Shop owner’s son finally speaks on milk tea deaths | Inquirer News
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Shop owner’s son finally speaks on milk tea deaths

By: - Reporter / @jovicyeeINQ
/ 04:26 AM April 18, 2015

“It’s bad enough that I have to deal with the death of my father. Now I am subjected to malicious lies out to ruin my reputation.”

This was the response of Lloyd Abrigo to reports insinuating that he had a hand in the death of his father William and Suzanne Dagohoy, and the hospitalization of her boyfriend Arnold Aydalla, in the alleged food poisoning incident at his family-owned milk tea shop in Manila last week.

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The elder Abrigo and Dagohoy, a customer, collapsed within minutes and died after taking a sip of the “Hokkaido”-flavored milk tea Willam prepared at his ErgoCha shop in Sampaloc.  Aydalla spent days in the hospital after he tasted the same beverage and spat it out because of the foul taste.

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READ: Milk tea kills 2 in Manila in 3 minutes; police can’t say what happened

Meeting reporters at a Quezon City restaurant on Friday, Lloyd, accompanied by the family lawyer, read from a prepared statement giving his version of what happened after the three victims were rushed to Ospital ng Sampaloc shortly before noon of April 9.

Lloyd, 23, faced the media accompanied by his mother Adela, the registered owner of the shop. Through lawyer Hazel Naredo, they asked not to be photographed.

They said they also wanted to know the truth behind the incident, with Adela stressing that she understands what the families of the victims are going through as she has also lost William, her husband of almost 25 years.

Lloyd stressed that he had “nothing to do with the deaths of Dagohoy and my father” and went on to refute accounts attributed to Joseph Garnacio, the ErgoCha shop helper.

That Thursday, Lloyd said, Garnacio called him up to say that his father was brought to the hospital. “At that time, my father was still alive. I didn’t know what happened to him,” he said in Filipino. “I was certain that nothing bad was going to happen to him.”

About that foul smell

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Upon reaching the hospital, he asked Garnacio what happened to his father and the helper simply replied: “’Yung milk tea (it’s the milk tea).” This prompted him to go to the shop on Bustillos Street, taking the helper with him, to see for himself what Garnacio meant, Lloyd said.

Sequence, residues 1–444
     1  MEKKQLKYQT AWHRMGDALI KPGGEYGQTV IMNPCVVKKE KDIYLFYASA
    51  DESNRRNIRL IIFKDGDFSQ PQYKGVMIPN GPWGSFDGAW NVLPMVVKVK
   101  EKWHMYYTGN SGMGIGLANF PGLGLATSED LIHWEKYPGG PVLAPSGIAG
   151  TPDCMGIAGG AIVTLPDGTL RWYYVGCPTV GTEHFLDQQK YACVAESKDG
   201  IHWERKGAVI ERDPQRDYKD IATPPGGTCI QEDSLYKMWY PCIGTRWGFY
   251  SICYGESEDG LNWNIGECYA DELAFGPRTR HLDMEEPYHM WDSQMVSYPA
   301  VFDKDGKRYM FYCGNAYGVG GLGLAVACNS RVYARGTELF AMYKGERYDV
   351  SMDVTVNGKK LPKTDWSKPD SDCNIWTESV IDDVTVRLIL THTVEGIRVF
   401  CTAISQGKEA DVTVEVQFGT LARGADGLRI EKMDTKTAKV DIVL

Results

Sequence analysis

Lloyd said “a foul smell” wafted through the shop when he and Garnacio arrived.

Naredo later described the smell as something similar to that of “a dead rat.”

READ: Police to probe milk tea ingredients ‘to avoid outbreak’

Lloyd said he also noticed that the store’s lights and fans were still on. He added that he also saw an empty pitcher on the table, belying reports that he washed a pitcher containing milk tea when he arrived.

“I decided to run water on [the pitcher] and close the store. I also threw the dishwater in the pail [outside the shop] since the sink was clogged,” Lloyd said.

He also denied that he tinkered with the closed-circuit television camera inside the store. Naredo added that the camera automatically shuts off as it is “motion-activated.”

‘It’s oolong tea’

Lloyd also said it wasn’t true that he brought chemicals to the store the night before the incident. “I asked him (Garnacio) for a container. I put water in it. The ‘chemical’ he was talking about was just tap water.”

READ: I didn’t bring chemical to our shop, says son of milk tea shop owner

He said the foul odor Garnacio claimed to have smelled on the night of April 8 may have come from the oolong tea he was brewing.

Oolong is a traditional Chinese tea variety derived from the Camellia sinensis plant, which can also be used to make black tea and green tea. Oolong tea is partially fermented, black tea is fully fermented, while green tea is unfermented.

Oolong tea is said to improve mental alertness and can be used to counter obesity, diabetes, and cholesterol, as well as boost the immune system.

“I was cooking oolong tea,” Lloyd said. “It has a smell so strong that someone not used to it may say it’s foul-smelling.”

He stressed that Garnacio “should know what happened first before he passes judgment.”

Naredo said the family could not yet produce documents indicating the source of the raw materials used at the shop since William supposedly kept them and “they don’t know where they are.”

“[It’s] the father who took care of everything. He (Lloyd) hardly goes there,” the lawyer told reporters.

Lloyd also noted that Garnacio, who had worked at the shop for at least two months, had a duplicate key to the place.

He said he was praying for the people “spreading rumors” about him, while asking them to “have pity on our family and stop the lies being spread in the news.”

That he immediately went to the Manila Police District (MPD) shortly after William died showed that “I did not do anything wrong.”

The MPD has yet to name a suspect in the incident pending the results of tests conducted on the contents of the victims’ stomach and on the milk tea samples. The Food and Drug Administration earlier this week said the samples sent by the MPD  initially proved negative for toxic substances but that more tests were being conducted. With Inquirer Research

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TAGS: death, Milk Tea, poisoning, Suzanne Dagohoy, William Abrigo
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